The criteria of discharge are the following:
- Absence of fever
- Improvement of pulmonary signs
- 48 hours of oxygen abstinence
- No aggravation of the underlying comorbidities
Even if discharged, a total of 14 days lockdown at home after the symptoms have started should be respected. Concerning the treatment of discharge, one subcutaneous injection of LMWH 4000 IU per day (to be adapted to the patient’s weight) to be continued for 14 days in total. As for the outpatient surveillance, discharged patients were called at day 3, day 7 and day14 (from the beginning of the symptoms). More surveillance is provided if necessary. The patient is given the hospitalization summary. The obstetrical follow-up is maintained by a scheduled consultation at 3 weeks after the discharge and a growth ultrasound at 3 to 4 weeks then to be renewed depending on the second and third trimester ultrasound. Diagnostic ultrasound and MRI is recommended for the patient who required mechanical ventilation due to severe hypoxia that could have caused fetal hypoxia.
All pregnant women that were admitted to the Obstetrics and gynecology ER of the CHSF, Iles de France, France, hospitalized or not, starting from March 2020 and up till the end of April 2020, with suspected COVID and positive PCR test were registered. The maternal age, gestational age, initial symptoms, PCR results, lab results, hospitalization date, discharge date, route of delivery, follow-up were retrospectively reviewed. For the patients who delivered, neonatal throat swabs were taken and placenta was sent for pathology exam. Note that COVID positive mothers were allowed to breastfeed their newborns. Their precaution measurements included a surgical mask on the face along with hand hygiene. The policy of hospital at this COVID period restricted the presence of partners to the imminent delivery phase only. In other terms, the partners were not allowed to stay during the whole labor period.
The total number of suspected cases that were admitted to the ER of the maternity was 70 pregnant patients. 35 patients (50%) were COVID-19 positive after PCR tests. The overall cases are documented in table 1 where the patients are detailed case by case.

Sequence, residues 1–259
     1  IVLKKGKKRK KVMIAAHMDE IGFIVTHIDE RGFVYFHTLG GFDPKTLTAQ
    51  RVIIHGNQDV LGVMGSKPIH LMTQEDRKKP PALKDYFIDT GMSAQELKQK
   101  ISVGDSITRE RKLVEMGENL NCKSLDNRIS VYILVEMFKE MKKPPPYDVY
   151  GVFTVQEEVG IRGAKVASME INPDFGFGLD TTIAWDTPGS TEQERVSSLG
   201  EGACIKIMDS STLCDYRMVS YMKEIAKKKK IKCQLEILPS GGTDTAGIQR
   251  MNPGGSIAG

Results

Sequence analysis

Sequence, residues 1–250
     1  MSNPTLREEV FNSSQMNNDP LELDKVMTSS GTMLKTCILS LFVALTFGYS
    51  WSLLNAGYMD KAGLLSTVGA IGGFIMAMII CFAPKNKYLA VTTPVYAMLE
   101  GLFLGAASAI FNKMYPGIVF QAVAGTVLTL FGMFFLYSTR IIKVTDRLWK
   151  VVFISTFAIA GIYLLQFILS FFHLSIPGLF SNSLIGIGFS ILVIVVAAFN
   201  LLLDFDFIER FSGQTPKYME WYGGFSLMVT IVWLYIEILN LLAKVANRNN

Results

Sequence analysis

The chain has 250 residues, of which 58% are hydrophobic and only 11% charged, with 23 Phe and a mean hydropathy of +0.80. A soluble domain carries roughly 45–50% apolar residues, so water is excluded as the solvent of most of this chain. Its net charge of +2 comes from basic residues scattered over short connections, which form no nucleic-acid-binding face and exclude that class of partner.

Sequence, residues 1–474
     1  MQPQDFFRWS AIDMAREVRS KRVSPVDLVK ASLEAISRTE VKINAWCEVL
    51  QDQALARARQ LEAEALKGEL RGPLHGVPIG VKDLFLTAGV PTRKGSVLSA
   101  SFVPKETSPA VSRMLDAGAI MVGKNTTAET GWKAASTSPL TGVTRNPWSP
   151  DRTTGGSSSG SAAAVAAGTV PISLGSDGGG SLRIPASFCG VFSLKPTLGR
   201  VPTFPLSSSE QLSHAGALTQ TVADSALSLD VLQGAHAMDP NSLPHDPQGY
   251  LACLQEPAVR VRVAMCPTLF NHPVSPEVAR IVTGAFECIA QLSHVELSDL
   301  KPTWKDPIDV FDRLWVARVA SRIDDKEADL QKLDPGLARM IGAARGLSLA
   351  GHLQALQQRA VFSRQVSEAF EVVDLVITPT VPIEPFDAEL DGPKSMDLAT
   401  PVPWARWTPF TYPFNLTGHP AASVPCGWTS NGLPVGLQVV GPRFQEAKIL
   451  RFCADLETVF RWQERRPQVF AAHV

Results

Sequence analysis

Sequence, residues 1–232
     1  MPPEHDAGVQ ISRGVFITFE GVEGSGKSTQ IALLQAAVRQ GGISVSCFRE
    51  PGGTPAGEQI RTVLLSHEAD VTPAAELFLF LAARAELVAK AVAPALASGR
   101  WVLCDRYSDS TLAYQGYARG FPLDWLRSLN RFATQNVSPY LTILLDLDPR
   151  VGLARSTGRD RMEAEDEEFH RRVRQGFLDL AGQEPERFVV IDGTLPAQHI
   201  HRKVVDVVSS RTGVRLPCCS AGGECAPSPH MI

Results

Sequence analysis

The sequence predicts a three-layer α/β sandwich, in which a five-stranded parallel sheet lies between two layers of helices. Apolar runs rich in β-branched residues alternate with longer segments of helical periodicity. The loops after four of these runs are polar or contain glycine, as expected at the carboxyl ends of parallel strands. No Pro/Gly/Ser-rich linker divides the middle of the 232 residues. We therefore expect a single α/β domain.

In this serie, we are covering the three trimesters of pregnancy from 5 weeks of gestation till 41 weeks and the repartition is as follow: first trimester (n = 2), second trimester (n = 10) and third trimester (n = 22) in addition to only one case where the infection was diagnosed at day 3 postpartum. In other terms, 24 out of 34 pregnant patients are at a viable stage of pregnancy and 10 out of 34 are in their early stage. The mean of age, gestational age and BMI with the minimum and maximum values are exposed in table 2. A mean of BMI about 28 indicates an overall weight status of overweight reaching morbid obesity with a maximum of 44.
Near one third of the patients is O positive. The distribution of other blood groups is exposed in table 3 and figure 1. It seems that its correlations with the supplemental Oxygen and length of stay are significant (OR = 0.39870 p = 0.0263 and OR = 0.33106 p = 0.0689 respectively)
As for the associated medical comorbidities, over our pregnant COVID positive patients, diabetes in its gestational or type 2 form was the most prevalent with 7 patients out of 35 with consists 20% of the studied cases. Secondly, we have the hypertension (chronic/gestational ± preeclampsia) with 4 cases out of 35 (11.4%). The other comorbidities are listed in table 4. If we do not take into consideration the previous surgical history of appendectomy, umbilical hernia repair, and cesareans we note that 10 patients are strictly healthy without any associated medical health issues either prior to conception or during pregnancy, about 28.5% of the patients. In other terms, most of our cases (71.5%) have an associated medical condition.
The spectrum of the symptoms of the patients is divided into three major groups:
- Mild with no pneumonia signs and no alteration of the labs
- Severe with dyspnea, need of supplemental oxygen, infiltrates on CT scan or respiratory rate of more than 30
- Critical with intensive care unit admission
If we consider the Oxygen need as a major criteria to characterize the severity of the disease, the COVID 19 infection in our patients was in the majority of the cases mild with no need of oxygen in 62.8% of the cases (n = 22/35). However, 12 patients required 2 to 3 liters of oxygen per minute. And one patient have had a major alteration of her respiratory condition requiring emergent delivery and transfer to the intensive care unit with 12 liters supplementation of Oxygen.
More than half of the patients were hospitalized whereas 12 out of 35 were not. The length of stay was a mean of 6 days (5.9 ± 8.1), with a maximum of 45 days for the ICU case. The statistical measurement of correlations between the age (OR = 0.41676 p = 0.0128 and OR = 0.38068 p = 0.0241, respectively). However, the correlations between the gestational age of the patient and the supplemental oxygen as well as the length of stay were not (OR = 0.09554 p = 0.5909 and OR 0.13561 p = 0.4444, respectively) (Figures 2,3).
Upon presentation, the majority of the patients have a symptomatology including cough. Near half of them presented with fever followed by asthenia and dyspnea at equal repartition. On the other hand, the neurologic symptoms cannot be underestimated. In fact, Anosmia reached 30% of the symptoms and we had 26% and 14% for the headache and the Dysgeusia, respectively. All presentation symptoms are listed in table 5.